Monday, March 16, 2015

Our Allergy Journey

I've been thinking about writing this post for sometime now but I always worried about how it would make me look as a new mumma. I've decided to go ahead and share our story though because if it helps one new mumma struggling with baby allergies, it will be totally worth it.

As many of you know, Lilly was born 6 weeks early at 34 weeks due to severe pre-eclampsia. I am actually waiting for an appointment meet with my obstetrician to discuss whether I actually had HELLP but that's a whole other blog post.

Lilly was a teeny tiny 1.59kg or 3 pound 8 which meant she was just 90grams shy of being labelled a low birth weight bubba. This label brings with it a whole load of special considerations and a trip to the NICU rather than getting to stay in Special Care where she spent her first 4 and a half weeks of life.


Anway, we've spent Lilly's entire life battling between her real age and her corrected age. We never got any advice on whether to start Lilly on solids when she hit 6 months real age or to wait the extra 6 weeks until she hit 6 months corrected. I watched her closely to see whether she was showing signs of readiness (no tongue reflex, looking for food and trying to grab at it while I ate and sitting quite well with limited support). Once she was meeting most of them, we got started. 


 Looking back now, I wonder whether we should have waited another few weeks. Lilly's first food was some mango smoothie made on just yoghurt and mango. There were no reactions but she certainly didn't enjoy it. I left it a few days then tried some veggies and toast which she actually liked so we continued with baby led weaning. On one occassion, she had a taste of milk froth and a little red dot came up on her lip. I was really unsure so we decided just to watch her closely after her next taste of dairy.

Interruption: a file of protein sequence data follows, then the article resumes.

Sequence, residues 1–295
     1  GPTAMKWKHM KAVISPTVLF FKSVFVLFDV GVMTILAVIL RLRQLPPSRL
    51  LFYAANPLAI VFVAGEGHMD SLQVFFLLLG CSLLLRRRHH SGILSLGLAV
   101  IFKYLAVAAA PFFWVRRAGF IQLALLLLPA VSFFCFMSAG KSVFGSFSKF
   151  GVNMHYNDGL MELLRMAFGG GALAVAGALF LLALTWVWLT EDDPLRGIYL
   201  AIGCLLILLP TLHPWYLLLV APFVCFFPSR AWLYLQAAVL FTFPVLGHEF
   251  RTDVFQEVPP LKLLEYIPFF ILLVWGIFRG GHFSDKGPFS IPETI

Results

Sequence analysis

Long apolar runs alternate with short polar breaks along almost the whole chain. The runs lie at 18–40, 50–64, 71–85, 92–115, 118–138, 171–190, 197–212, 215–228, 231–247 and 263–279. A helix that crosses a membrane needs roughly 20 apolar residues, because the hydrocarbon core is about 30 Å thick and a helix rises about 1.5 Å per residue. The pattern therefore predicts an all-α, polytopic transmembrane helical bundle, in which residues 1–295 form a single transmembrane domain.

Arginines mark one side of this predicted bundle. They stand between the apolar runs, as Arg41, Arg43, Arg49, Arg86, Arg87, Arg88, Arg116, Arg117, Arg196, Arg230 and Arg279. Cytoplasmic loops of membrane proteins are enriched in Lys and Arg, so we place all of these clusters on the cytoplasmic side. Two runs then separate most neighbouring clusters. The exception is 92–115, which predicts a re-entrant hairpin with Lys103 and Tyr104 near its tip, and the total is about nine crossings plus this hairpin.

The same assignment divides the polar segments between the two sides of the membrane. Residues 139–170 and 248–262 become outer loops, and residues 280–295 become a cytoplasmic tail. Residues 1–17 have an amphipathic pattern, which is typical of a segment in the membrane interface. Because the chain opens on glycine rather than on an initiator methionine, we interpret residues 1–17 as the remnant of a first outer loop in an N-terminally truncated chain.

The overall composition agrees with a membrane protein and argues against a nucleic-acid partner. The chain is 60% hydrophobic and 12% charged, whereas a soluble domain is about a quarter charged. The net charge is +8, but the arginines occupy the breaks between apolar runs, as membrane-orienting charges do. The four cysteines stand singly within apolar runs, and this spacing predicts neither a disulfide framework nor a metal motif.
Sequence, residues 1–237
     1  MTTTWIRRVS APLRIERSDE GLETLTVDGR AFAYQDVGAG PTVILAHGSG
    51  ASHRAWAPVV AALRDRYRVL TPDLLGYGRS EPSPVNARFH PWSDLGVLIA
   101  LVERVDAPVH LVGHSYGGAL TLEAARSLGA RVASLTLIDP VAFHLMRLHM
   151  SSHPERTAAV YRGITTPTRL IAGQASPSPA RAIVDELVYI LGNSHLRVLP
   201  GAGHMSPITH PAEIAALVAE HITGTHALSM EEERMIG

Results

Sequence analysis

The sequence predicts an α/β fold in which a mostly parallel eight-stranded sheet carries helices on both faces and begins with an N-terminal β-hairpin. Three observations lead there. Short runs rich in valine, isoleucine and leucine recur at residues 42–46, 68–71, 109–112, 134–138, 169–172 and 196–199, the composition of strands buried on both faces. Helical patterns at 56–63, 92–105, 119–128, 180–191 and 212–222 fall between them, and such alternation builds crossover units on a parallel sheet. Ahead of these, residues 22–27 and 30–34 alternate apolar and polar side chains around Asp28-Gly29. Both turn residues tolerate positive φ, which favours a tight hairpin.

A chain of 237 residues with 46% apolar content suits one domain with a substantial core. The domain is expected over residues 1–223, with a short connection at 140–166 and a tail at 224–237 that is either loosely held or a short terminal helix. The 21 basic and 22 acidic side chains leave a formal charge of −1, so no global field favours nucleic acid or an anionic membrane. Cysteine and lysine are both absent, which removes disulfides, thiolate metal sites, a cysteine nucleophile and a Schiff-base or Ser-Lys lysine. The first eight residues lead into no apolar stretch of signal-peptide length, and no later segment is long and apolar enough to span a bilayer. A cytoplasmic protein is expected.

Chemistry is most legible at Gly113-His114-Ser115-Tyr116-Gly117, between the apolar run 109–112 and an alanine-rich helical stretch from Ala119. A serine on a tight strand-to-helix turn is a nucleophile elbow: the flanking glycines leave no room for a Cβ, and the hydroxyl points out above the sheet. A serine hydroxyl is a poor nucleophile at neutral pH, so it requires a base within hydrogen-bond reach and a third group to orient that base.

Not long after, I decided to give Lilly some yoghurt to play with. She LOVED it and was covered head to toe. Within minutes, she developed a nasty rash which just got darker and darker. She started to develop welts all around her neck where the yoghurt had been touching her. I sat at the front door and rang Hubby in a panic who was luckily just a minute or two from home. I remember being really unsure whether or not I was overreacting or whether I needed to panic a bit more. Those two minutes felt like a lifetime!


When he walked through the door, he confirmed my fears and we rushed up to the doctors who is also just a few minutes down the road. We didn't even put clothes on her! They squeezed us in to see my GP straight away. The picture below was while we were sitting in the waiting room. It was very red wherever the yoghurt touched her, even up near her eye. I was so scared even though she was quite happy.


The GP came to the conclusion that it was just a skin reaction and to keep offering as much milk as we wanted. We were not happy with this diagnosis so booked in to see another GP (the one my Hubby usually sees). After filling him in on Lilly's past, he agreed that it sounded like a milk protein allergy and sent us for allergy testing.

We continued to avoid dairy but had a few silly slip ups, the worst being mashed potato at a restaurant. The first 6 pictures below were the result of a few spoons of mashed potato. The next few were from soldier eggs and toast. It's only a very light rash but still there. We assumed I had put too much margarine on her toast because she had eaten both egg and margarine on toast many times.


About 2 weeks ago, it was finally time for Lilly to have her allergy testing done! She was very brave while the top allergens were tested (milk, egg yolk, egg white, white fish, shellfish, peanuts, sesame seeds). To our surprise, both egg white AND milk came up positive! 
 

After meeting with the specialist after her test was finished, we came to the conclusion that Lilly is allergic to the uncooked protein in both milk and eggs. This means she can tolerate it in her system when very well cooked (180 degrees for 20 mins). Anything less results in an allergic reaction, which in her case is hives. She is still too small for an epi-pen so we must be very careful. Lilly still loves quiche for dinner on occasion but we are very careful to avoid anything that may not have the proteins cooked out enough. We have been rash free ever since the appointment!

It has been a very stressful and scary few months while trying to determine what was going on. I often wonder whether starting on solids too early may have contributed to her allergies? It's very bizarre because she tolerated milk based formula for about a month as a newborn!

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